• pre‑compositional phase: a provisional, exploratory and preparatory process; of which the operational functions are: orienting, exploring, decision‑making, conceiving and pre‑planning.

  • compositional phase: an outlining, documentation and compositional process; of which the operational functions are: structuring, researching and textualizing.

  • pre‑publication phase: a post‑compositional process; of which the operational functions are: the finishing touches and preparing for publication.

Endogenetics and Exogenetics12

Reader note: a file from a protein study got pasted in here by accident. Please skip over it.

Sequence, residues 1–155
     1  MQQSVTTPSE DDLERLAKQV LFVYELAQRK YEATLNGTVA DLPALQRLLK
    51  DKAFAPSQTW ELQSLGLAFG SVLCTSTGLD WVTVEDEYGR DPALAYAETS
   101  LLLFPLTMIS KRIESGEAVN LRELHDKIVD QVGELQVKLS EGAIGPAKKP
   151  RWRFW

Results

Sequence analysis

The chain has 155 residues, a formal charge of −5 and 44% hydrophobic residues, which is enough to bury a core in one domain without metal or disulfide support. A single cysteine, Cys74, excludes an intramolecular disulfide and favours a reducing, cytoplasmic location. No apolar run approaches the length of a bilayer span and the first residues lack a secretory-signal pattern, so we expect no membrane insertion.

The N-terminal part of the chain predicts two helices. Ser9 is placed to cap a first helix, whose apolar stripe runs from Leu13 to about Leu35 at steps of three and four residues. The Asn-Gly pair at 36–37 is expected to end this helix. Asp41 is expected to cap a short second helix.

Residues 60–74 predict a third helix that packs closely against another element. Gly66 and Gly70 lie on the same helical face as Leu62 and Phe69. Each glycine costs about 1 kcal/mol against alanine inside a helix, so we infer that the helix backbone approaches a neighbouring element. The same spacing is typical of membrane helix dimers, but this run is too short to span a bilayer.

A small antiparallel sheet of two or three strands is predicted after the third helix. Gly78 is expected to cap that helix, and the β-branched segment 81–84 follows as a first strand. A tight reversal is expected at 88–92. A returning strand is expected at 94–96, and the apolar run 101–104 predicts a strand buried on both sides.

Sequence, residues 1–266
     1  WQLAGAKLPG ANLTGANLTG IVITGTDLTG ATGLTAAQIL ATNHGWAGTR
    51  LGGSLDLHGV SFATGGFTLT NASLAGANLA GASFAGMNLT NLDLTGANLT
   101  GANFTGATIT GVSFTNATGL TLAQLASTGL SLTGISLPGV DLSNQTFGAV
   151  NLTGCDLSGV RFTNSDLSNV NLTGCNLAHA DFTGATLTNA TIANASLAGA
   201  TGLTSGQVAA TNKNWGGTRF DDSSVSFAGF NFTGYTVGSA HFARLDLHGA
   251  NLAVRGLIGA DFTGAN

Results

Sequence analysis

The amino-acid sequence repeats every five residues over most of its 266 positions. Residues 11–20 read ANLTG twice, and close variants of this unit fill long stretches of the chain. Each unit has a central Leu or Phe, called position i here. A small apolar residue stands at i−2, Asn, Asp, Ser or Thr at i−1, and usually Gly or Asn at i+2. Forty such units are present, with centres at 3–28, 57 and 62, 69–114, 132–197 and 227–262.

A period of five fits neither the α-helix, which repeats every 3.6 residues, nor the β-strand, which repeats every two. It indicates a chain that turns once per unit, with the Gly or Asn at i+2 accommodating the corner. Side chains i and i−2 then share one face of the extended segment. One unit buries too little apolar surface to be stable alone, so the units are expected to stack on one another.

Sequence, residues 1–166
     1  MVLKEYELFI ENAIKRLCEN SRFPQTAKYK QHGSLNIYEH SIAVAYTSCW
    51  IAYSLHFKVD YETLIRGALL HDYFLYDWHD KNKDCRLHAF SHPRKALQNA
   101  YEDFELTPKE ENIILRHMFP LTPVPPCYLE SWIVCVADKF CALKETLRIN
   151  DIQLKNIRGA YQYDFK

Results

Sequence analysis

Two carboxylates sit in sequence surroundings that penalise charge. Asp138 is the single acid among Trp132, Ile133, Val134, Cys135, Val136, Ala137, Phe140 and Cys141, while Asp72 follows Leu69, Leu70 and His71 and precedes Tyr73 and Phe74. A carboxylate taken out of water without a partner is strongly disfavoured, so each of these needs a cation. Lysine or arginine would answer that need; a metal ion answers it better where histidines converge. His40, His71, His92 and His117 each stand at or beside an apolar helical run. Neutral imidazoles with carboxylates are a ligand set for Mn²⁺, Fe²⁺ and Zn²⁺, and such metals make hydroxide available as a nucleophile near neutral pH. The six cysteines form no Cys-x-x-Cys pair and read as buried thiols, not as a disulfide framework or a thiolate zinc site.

Endogenetics designates any writing process focusing on a reflexive or self‑referential activity of elaborating pre‑textual data, be it exploratory, conceptual, structuring or textualizing work, and regardless of the nature of, or how far advanced, such elaboration might be. I will therefore call endogenetics the process by which the writer conceives of, elaborates and transfigures pre‑textual material, without recourse to outside documents or pieces of information, through simple reformulation or internal transformation of previous pre‑textual data. Although it not exclusively endogenetic, the rough draft domain is the endogenetic domain par excellence, the dominant process in the rewriting operations of textualization. In Flaubert’s‑work, thus, as in numerous other corpora, a draft fragment (in which the writer has roughed out and modified his or her sentences by crossings-out, additions and substitutions) will be neatly copied out again onto a new sheet of paper, which in turn will become the object of several correction and addition campaigns, at the end of which the new version of the passage will have turned into something twice as long, for example, as the initial fragment, by simple effect of the writing working on itself. Endogenetics can also, however, be seen at the outer reaches of the avant‑texte: in the work produced by the initial idea (taking the shape of a primitive workplan or preliminary notes in a preparatory notebook) through the use of the writer’s basic reflexive and imaginative faculties; or, again, right at the other end of the genetic development, in the corrections made to the typed‑up manuscripts, which can form the arena of very different kinds of transformations: either that the author, overcome by eleventh‑hour misgivings, sets to, to overturn what had been to all intents a finished text, or that, on the contrary, he or she is content to make the tiniest adjustments of expression, in order, for example, to avoid repeating a word or sound which had not been noticed up to that point. Lastly, endogenetics designates a procedure which can greatly overflow the domain of writing proper: a drawing or doodle can prove to be endogenetic, if it does not depict an external object, but is rather the projection of a fictive entity produced by the writing (the layout of an imaginary town – Yonville, for example – where the action of the novel unfolds; a person’s features; the spatio‑temporal schema of an action or an invented object, and so on). By the same token, an abstract organigram, geometrical or numerical representation of a system intended to structure the writing (as in Perec’s case, for example) belongs to the domain of endogenetics, whether it is in the form of a notebook full of lexical entries (lists of words and drawings of objects to be introduced into the narrative) or of a structural grid which affects the sentence form of the narrative.